Martin Schlecker (Germany)
schlecker @ mpia.de
Exoplanet population synthesis - formation and habitability around M dwarfs
The formation of planets in the Solar System and beyond requires growth across more than 45 orders of magnitude in mass. Because of this tremendous range and the complexity of the involved processes, we cannot achieve a satisfying understanding of planet formation from fundamental physical models that are only applicable in particular domains.
Planet Population Synthesis is an indirect approach to study the conditions necessary for planet formation and evolution. It compares the properties of observed exoplanets, e.g. mass and orbital radius, to the ones obtained from planet formation simulations. This technique is particularly promising if one has access to an observational data set with a well-known detection bias that one can take into account when comparing observations with theory.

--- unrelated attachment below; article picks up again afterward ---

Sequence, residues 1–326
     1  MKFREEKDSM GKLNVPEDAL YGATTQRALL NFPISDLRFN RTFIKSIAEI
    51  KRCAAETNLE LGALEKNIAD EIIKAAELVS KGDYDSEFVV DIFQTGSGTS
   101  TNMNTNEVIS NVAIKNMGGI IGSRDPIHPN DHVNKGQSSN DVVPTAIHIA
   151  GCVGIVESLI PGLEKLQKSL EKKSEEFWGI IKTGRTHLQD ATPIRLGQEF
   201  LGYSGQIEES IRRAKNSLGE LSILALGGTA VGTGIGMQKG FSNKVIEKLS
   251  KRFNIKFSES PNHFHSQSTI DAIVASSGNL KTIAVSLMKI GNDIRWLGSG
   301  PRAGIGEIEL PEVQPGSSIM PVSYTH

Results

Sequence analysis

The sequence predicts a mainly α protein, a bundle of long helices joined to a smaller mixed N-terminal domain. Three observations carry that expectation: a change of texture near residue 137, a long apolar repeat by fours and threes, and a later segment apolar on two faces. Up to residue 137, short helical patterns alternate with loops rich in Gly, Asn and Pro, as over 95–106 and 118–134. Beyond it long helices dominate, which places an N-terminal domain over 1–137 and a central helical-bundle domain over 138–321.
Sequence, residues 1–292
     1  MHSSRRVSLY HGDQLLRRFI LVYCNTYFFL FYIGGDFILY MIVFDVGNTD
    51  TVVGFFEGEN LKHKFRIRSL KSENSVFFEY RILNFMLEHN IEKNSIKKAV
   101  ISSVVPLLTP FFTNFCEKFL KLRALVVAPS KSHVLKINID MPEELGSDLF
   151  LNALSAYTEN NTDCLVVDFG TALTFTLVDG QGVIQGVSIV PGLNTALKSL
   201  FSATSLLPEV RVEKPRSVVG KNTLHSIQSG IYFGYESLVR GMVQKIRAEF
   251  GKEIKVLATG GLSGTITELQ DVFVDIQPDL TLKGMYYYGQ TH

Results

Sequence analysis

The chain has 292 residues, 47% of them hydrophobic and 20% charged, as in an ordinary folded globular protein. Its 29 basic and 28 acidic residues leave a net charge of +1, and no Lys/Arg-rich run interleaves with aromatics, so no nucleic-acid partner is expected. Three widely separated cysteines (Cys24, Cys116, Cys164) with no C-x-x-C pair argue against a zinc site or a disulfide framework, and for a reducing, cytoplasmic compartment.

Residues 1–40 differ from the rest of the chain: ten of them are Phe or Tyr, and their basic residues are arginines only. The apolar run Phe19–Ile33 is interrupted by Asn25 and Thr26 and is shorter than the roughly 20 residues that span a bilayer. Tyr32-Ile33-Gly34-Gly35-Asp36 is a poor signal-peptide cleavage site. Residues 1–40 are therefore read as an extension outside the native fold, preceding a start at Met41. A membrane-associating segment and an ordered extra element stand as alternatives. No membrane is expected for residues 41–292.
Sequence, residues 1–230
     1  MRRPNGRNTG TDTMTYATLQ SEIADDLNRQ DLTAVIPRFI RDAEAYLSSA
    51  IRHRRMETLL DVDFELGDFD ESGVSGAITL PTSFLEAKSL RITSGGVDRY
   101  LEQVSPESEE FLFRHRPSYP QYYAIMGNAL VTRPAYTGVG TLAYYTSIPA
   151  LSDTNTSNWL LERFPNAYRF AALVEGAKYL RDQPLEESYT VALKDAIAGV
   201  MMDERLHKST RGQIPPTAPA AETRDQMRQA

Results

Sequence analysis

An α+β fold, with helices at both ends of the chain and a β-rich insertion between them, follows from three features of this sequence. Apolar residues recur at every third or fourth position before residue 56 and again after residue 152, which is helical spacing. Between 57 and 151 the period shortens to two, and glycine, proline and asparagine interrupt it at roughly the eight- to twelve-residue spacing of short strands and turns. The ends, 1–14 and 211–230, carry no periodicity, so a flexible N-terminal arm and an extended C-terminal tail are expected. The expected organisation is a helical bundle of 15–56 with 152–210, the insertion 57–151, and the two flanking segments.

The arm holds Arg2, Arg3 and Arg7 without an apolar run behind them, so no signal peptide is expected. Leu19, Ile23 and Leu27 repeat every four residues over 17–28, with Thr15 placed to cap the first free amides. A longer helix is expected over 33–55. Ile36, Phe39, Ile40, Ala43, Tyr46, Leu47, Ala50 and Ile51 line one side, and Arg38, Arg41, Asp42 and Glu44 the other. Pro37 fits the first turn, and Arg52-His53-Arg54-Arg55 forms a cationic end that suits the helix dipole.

My observational data come from the new CARMENES survey, which searches for Earth-mass planets around nearby M-dwarf stars. In my PhD project, I use parametrized models of planet formation and evolution in protoplanetary disks to produce synthetic populations of planets. By calibrating these simulations to the CARMENES exoplanet populations, we can improve our understanding of key processes such as the growth of planetesimals and their migration behavior.
Supervisor: Hubert Klahr & Thomas Henning (MPIA)